Attaching the GPS shield to the Raspberry
Attaching the GPS shield to the Raspberry


GPS data retrieval

The Raspberry GPS communicates with the Sparqee GPS shield over the serial port UART0. However, in Raspbian this port is usually used as serial console, which is why we cannot directly access the GPS shield. To turn this feature off and activate the module, you have to follow these steps:

  1. Edit the file /boot/cmdline.txt and delete all parameters containing the key ttyAMA0:
    console=ttyAMA0,115200 kgdboc=ttyAMA0,115200

    Afterwards, our file contains this text:

    dwc_otg.lpm_enable=0 console=tty1 root=/dev/mmcblk0p2 rootfstype=ext4 elevator=deadline rootwait
  2. Edit the file /etc/inittab and comment the following line out:
    T0:23:respawn:/sbin/getty -L ttyAMA0 115200 vt100

    Comments are identified by the hash sign; the result should look as follows:

    #T0:23:respawn:/sbin/getty -L ttyAMA0 115200 vt100
  3. Next, we have to reboot the Raspberry Pi:
    sudo reboot
  4. Finally, we can test the GPS module with Minicom. The baud rate is 9600 and the device name is /dev/ttyAMA0:
    sudo minicom -b 9600 -D /dev/ttyAMA0 -o

    If necessary, you can install Minicom using APT:

    sudo apt-get install minicom

    You can quit Minicom with the key combination strg+a followed by z.

If you succeed, Minicom will continually output a stream of GPS data. Depending on wether the GPS module attains a lock, that is, wether it receives GPS data by a satellite, the output changes. While no data is received, the output remains mostly empty.


Once the GPS module starts receiving a signal, Minicom will display more data as in the example below. If you encounter problems in attaining a GPS lock, it might help to place the Raspberry Pi outside.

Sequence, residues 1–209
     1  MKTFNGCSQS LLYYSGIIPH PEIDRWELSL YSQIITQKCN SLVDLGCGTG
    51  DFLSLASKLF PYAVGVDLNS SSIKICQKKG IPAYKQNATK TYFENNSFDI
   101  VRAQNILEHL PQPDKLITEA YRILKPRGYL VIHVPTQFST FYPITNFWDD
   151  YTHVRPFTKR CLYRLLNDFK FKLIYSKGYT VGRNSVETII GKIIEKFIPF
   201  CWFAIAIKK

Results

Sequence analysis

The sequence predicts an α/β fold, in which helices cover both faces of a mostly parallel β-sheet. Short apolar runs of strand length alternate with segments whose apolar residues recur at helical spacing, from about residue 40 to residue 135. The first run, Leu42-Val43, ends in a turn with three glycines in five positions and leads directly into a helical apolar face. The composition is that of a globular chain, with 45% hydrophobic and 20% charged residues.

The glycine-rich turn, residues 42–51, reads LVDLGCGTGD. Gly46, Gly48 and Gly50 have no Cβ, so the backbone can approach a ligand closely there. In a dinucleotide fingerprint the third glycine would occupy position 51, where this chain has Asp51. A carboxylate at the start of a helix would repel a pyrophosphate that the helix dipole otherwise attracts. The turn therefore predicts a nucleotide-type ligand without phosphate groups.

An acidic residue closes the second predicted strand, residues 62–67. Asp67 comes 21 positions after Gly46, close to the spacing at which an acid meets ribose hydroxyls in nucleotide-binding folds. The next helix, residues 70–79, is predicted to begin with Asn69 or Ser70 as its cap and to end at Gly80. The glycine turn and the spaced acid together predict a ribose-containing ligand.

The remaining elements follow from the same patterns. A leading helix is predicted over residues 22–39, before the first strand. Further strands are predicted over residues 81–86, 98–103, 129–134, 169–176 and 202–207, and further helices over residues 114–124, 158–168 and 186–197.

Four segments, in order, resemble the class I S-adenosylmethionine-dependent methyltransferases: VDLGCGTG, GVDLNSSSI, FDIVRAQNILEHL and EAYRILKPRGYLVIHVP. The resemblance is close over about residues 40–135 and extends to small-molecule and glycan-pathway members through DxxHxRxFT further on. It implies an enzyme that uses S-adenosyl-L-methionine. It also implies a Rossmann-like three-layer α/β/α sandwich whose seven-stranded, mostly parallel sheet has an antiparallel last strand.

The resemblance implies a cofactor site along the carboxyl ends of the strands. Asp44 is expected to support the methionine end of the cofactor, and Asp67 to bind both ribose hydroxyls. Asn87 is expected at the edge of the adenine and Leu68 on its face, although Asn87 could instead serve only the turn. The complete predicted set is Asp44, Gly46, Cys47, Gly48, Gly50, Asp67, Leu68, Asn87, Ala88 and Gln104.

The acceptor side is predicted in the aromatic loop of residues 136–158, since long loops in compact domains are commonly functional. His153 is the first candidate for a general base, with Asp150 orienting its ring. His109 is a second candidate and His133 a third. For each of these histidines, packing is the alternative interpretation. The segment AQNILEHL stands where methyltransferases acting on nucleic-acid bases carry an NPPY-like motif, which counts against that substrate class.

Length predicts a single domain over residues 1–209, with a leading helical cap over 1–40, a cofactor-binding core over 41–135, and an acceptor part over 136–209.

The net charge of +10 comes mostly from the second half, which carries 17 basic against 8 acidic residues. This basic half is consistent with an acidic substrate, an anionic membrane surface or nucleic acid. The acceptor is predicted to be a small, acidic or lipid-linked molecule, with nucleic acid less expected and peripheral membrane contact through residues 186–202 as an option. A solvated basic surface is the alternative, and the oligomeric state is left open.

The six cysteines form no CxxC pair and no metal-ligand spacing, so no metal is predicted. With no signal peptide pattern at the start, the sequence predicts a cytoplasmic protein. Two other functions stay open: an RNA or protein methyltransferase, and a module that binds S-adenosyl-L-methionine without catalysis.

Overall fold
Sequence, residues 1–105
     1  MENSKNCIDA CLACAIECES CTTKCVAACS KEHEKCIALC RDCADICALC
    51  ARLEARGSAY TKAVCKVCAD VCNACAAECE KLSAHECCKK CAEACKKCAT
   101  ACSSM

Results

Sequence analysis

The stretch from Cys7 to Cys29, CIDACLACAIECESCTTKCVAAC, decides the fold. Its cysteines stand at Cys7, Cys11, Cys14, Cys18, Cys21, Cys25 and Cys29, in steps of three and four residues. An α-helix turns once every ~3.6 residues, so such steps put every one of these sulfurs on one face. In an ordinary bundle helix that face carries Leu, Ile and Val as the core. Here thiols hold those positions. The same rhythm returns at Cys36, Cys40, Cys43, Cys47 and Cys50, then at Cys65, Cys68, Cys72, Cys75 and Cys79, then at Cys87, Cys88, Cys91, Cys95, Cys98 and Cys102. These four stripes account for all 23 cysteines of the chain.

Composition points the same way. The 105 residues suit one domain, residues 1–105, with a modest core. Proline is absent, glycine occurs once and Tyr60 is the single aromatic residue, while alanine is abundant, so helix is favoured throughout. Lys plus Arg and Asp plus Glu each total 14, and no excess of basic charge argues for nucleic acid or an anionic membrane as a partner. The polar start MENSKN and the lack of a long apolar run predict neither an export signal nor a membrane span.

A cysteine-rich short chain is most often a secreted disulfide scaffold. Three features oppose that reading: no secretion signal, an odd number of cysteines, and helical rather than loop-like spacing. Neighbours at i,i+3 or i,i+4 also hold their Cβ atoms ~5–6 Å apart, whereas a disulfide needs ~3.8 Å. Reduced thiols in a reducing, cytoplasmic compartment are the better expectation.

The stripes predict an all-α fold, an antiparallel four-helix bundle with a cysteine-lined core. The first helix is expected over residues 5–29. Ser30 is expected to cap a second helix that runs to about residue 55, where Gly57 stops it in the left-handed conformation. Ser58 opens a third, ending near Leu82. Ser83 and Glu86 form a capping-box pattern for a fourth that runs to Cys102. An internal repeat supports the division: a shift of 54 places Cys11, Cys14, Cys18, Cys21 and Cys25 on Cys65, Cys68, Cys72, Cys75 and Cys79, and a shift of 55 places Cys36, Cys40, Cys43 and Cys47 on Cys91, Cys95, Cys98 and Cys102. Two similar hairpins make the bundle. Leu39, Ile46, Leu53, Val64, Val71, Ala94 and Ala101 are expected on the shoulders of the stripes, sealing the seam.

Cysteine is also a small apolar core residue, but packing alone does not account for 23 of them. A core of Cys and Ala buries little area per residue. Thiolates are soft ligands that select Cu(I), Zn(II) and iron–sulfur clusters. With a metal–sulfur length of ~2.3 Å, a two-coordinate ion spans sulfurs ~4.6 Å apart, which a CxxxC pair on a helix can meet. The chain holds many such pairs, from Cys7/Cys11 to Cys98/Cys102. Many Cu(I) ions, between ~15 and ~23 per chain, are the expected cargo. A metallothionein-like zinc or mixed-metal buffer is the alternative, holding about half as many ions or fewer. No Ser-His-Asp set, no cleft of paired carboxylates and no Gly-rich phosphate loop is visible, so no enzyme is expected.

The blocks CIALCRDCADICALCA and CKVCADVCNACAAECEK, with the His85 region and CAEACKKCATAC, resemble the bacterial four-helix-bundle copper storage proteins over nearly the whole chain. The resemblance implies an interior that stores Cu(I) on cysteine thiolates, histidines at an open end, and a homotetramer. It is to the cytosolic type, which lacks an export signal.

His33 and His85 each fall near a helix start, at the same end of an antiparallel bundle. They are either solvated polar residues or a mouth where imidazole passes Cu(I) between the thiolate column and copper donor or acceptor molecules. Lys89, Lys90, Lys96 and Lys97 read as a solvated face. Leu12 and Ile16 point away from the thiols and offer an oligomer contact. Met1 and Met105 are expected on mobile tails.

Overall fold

A detailed description of the GPS format emitted by the Sparqee GPSv1.0 can be found here. Probably the most important information, the GPS coordinates, is contained by the line starting with $GPGGA: In this case, the module was located at 33° 55.3471′ Latitude North and 117° 41.7128′ Longitude West at an altitude of 112.2 meters above mean sea level.


We demonstrated how to connect a Sparqee GPS shield to a Raspberry Pi and how to display the GPS data via Minicom. In the next part, we will write a network service that extracts and delivers the GPS data from the serial port.

Having a plan

As a software developer, I quickly learnt that having a plan is essential for the successful realization of a project. Of course, there are projects which seem to run by themselves – either because no problems occur or because their solution is trivial. However, the larger the project, the tighter the deadlines, the more you need a plan to retain control over it. And it is particularly easy to lose control over a project if you not only manage it, but also participate in its implementation.

A project leader is responsible for the outcome of a project. They have to keep track of its goals, must know its current state and how far it progressed. You can, for example, constantly prescind from present actions and problems and check them in order to find out if they bring you closer to your objective or if you are getting side-tracked. Useful techniques are time boxes as in the Pomodoro techniques: For a fixed time, you concentrate on a problem, and afterwards, you recapitulate your results and, if necessary, adjust your approach. Yet, this is probably not enough to reveal how far your project advanced – and for this purpose you can employ a plan.